Packed streets at rush hour in downtown Nairobi (via the New York Times)
I went down a bit of a rabbit hole on Nairobi air quality the other weekend, after I went for a long bike ride, and ended up chugging up a steep hill alongside a matatu emitting black smoke directly into my face. I wanted to know if I could pick specific areas or specific times of the week when it would be safer to ride. (Research suggests that the health benefits of cycling probably outweigh the costs of pollution exposure in all but the most polluted cities, but I’m still not keen on breathing in matatu exhaust.)
What I found is that there’s a strong consensus that Nairobi’s air quality is poor, but very limited data about variations in air quality by neighborhood or time of day. An MIT project shared data from five locations around the city collected from 2016 – 2017, and found that timing of the highest levels of pollution varied significantly between sites. (Thus, no possibility of making a uniform recommendation like “avoid cycling in the afternoon” across the city.)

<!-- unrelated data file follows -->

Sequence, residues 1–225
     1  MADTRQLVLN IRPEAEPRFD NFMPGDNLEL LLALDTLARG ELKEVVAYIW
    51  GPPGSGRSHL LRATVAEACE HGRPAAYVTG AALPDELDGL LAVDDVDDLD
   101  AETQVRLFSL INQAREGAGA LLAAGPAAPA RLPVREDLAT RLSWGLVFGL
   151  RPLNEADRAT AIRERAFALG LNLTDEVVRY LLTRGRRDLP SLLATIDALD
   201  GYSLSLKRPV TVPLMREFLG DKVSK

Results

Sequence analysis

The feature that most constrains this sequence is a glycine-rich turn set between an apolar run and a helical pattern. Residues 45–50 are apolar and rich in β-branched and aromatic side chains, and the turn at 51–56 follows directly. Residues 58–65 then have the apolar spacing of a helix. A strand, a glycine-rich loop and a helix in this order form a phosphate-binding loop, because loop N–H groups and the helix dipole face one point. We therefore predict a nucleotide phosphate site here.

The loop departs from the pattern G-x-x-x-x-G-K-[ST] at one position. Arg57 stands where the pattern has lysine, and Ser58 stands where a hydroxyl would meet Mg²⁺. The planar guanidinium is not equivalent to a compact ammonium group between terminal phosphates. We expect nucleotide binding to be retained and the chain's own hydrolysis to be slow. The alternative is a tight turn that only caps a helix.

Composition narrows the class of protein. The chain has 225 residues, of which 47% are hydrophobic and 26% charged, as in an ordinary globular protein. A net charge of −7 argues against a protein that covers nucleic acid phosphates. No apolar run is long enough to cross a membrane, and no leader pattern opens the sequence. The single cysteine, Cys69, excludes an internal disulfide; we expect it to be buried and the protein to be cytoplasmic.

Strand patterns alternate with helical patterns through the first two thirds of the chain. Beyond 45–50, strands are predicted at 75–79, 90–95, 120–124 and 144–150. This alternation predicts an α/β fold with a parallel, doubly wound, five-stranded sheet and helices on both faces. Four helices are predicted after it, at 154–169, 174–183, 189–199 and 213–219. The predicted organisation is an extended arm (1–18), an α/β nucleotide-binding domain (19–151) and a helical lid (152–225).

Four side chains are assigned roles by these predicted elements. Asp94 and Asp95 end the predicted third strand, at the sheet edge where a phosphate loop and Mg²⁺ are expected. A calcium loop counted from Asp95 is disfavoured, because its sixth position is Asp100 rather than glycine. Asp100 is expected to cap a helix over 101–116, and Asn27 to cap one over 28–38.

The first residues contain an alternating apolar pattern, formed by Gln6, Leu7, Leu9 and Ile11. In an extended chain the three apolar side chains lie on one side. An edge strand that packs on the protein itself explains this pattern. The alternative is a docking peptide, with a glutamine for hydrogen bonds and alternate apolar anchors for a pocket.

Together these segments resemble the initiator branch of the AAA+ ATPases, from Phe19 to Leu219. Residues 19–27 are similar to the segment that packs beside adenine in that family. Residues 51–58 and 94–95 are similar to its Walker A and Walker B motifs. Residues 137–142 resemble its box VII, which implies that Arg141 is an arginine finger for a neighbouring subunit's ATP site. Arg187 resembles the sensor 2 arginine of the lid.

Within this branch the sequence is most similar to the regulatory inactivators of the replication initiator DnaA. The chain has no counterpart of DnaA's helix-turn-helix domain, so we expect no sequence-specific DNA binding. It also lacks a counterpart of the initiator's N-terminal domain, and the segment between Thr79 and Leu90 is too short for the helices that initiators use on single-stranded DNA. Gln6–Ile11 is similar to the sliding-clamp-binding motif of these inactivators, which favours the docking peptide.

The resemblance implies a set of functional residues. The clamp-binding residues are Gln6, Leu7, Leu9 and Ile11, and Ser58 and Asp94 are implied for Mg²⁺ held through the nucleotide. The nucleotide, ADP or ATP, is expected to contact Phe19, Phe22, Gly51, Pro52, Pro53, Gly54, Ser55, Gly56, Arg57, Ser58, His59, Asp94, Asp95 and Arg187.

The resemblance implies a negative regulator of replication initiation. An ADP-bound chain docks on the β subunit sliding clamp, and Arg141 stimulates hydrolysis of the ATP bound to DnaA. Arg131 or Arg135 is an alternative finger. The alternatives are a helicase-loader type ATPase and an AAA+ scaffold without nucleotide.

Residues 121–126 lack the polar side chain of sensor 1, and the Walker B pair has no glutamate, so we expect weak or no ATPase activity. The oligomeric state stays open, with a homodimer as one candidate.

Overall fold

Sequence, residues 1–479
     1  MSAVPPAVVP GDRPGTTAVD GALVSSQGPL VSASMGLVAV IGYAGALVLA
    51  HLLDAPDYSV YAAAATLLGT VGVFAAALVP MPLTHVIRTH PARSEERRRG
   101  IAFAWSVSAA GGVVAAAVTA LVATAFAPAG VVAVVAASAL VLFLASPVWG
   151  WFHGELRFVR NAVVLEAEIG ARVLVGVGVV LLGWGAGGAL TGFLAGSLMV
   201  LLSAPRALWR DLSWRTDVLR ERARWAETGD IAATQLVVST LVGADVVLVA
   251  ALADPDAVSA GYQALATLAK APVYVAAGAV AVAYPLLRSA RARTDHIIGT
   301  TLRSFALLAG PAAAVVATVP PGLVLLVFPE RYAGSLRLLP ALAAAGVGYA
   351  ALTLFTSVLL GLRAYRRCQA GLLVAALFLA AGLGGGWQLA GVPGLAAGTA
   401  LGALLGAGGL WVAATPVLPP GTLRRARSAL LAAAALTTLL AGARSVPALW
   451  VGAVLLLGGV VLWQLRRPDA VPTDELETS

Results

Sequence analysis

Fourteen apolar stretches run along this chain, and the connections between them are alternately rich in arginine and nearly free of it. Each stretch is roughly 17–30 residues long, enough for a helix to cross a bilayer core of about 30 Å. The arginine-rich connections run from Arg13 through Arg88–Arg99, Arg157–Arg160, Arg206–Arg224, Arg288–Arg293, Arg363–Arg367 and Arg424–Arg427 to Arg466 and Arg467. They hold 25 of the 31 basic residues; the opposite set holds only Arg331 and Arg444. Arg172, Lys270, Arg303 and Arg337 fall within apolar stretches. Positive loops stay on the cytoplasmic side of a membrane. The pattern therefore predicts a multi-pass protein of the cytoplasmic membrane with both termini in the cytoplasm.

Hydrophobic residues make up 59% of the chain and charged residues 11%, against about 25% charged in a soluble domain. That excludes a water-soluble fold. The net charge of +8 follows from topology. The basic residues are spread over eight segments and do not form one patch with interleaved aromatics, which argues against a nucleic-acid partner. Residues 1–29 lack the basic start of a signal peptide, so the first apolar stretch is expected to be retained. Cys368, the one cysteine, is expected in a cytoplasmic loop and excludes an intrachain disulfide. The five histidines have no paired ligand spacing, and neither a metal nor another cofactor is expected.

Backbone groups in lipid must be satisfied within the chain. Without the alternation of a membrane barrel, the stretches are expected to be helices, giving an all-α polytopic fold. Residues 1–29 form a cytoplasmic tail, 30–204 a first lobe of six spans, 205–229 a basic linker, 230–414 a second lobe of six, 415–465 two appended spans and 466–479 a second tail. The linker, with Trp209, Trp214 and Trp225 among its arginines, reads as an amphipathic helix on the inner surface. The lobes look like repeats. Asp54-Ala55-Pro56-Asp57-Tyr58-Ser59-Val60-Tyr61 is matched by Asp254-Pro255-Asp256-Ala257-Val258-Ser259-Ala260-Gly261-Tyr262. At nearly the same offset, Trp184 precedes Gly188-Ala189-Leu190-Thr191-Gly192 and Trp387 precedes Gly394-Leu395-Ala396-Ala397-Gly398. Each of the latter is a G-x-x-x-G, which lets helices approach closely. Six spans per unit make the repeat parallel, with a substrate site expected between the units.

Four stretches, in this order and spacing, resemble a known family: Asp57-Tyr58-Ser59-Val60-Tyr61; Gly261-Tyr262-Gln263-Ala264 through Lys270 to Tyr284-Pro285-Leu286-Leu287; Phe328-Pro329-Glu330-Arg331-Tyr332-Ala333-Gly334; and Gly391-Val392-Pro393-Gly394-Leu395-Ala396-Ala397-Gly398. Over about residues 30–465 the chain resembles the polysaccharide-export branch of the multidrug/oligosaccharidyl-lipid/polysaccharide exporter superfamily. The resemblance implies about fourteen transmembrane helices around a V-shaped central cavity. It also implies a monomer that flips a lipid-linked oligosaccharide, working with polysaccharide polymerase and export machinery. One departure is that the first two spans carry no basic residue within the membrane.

What about real-time data? Air-quality.com offers data from two sensors in Kilimani and Kitisuru. They’re currently suggesting that the air quality index is around 54 by US standards, which stands for “moderate pollution with mild impacts on extremely sensitive groups.” However, these are also relatively wealthy neighborhoods that don’t see much traffic from buses and trucks, which tend to be the worst polluters. We clearly can’t extrapolate from this to the whole city.
Another project called sensors.AFRICA is supposed to be launching an air quality monitoring network with 22 sensors across the city. However, they don’t appear to be operating yet. In short, Nairobi has a lot of work to do to provide adequate real-time data on its air quality.